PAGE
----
Dear Church Family,

Recently, I listened to an interview of Pastor Kent Hughes where he said something to the effect of how he works slowly, how he spends a lot of time in preparation because he does not have the particular gift of preaching extemporaneously; it’s not as easy for him as it is perhaps for others to think and speak on his feet. I can’t tell you how comforting it was to hear someone of Pastor Hughes experience and caliber (I’ve read and benefited from several of his books) to articulate something that I’ve come to learn about myself. I tend to think of myself more of a writer who preaches than a preacher who writes. In this regard, anyway, Pastor Hughes and I are kindred spirits. Now you know one of the reasons why I like to use detailed handouts in Sunday school!

My inability to extemporize very well was brought home to me this week as I’ve been reflecting on our congregational information meeting we had on Sunday. As I’ve thought about that meeting in which we received reports from various ministries in the church and recognized the hard work of many who serve our church, I realized that I failed to give adequate appreciation for my wife, particularly in her role as a pastor’s wife – my wife. So, if you don’t mind me taking a little pastoral privilege, I would like to do so now. I have been convicted this week that I often focus so much on pastoring the members of the congregation that I sometimes fail to pastor my wife and children.

The Blessings of a Christian Wife

Like all good Christian wives and mothers who seek to fulfill their God-given callings, my wife respects and supports me, and loves and cares for our children, in a manner that is both natural and beautiful. She maintains a wonderful Christian witness and honors the word of God, by loving her husband well (despite his many failings), and loving our children (no matter how they behave); she is sensible, maturing in purity, makes our family and our home her priority, expresses and shows kindness to others, and is subject to her own husband (again, despite his many failings!) (Titus 2:4-5).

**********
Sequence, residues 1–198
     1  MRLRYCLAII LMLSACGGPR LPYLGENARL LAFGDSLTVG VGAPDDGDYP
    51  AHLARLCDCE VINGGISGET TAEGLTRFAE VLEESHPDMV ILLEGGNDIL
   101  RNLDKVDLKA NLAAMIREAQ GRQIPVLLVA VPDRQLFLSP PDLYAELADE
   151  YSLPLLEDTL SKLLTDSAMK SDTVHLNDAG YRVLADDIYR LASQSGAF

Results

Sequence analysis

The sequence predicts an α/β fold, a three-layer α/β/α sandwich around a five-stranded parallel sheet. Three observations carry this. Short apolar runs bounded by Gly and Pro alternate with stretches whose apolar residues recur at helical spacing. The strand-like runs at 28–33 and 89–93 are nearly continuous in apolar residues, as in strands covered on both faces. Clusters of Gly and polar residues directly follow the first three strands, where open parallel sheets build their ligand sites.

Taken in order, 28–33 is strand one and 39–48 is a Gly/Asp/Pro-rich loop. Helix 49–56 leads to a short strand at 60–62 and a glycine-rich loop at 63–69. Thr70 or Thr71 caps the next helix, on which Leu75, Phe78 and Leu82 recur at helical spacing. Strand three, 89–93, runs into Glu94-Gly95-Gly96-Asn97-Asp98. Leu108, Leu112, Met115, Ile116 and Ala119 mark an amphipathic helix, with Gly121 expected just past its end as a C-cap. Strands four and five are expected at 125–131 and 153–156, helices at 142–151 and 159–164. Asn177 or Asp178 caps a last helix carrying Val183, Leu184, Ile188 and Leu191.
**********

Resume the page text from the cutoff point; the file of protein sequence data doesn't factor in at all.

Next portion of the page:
Proverbs 31:10-31 provides the high calling of an excellent wife (or a ‘woman of valor’) – her worth is far above jewels (v 10). For those wives and mothers who pursue – often unnoticed – this lofty ideal, her children ought to rise up and bless her (v 28). Every Christian husband, who is privileged to be married to a Christian woman that seeks to live her life in service to her Savior and sacrifices for her family, ought to praise her saying, “Many daughters have done nobly, but you excel them all” (v 29).

It is too easy to take your wife for granted. I hope that each of you husbands who is blessed with a Christian wife will take this as a reminder to express your praise and gratitude (to God and to your wife). For my part, I would also like to publicly express my praise and gratitude for a wife who, in my mind, excels as the wife of a pastor.

Of course, Stacie is beautiful in appearance and I was attracted to her, her distinctive red hair, and beautiful singing voice right from the start. But her adornment is not merely external, but the hidden person of the heart – the imperishable quality of a gentle and quiet spirit, which is precious in the sight of God (and mine, as well!) (1 Peter 3:3-4). Much more could be said, but let me just share a couple of aspects in which her precious spirit is made manifest in some of her unique qualities and contributions to my ministry as a pastor.

A Heart for God and for Ministry

Stacie came to faith later in her late teens, and grew in her love and zeal for the Lord through college. After college, she worked with the organization Youth For Christ, leading weekly clubs and Bible studies with students in the public schools. She came to the conviction that doctrine was important and that she needed to know more about the Scriptures and what it teaches, so she packed up everything she owned and drove a U-Haul by herself from North Carolina to Reformed Theological Seminary (RTS) in Orlando, FL. She had enough money for one year of seminary. That money ran out, so she went to work and paid her way to finally complete her degree, a Masters of Arts in Theological Studies (MATS).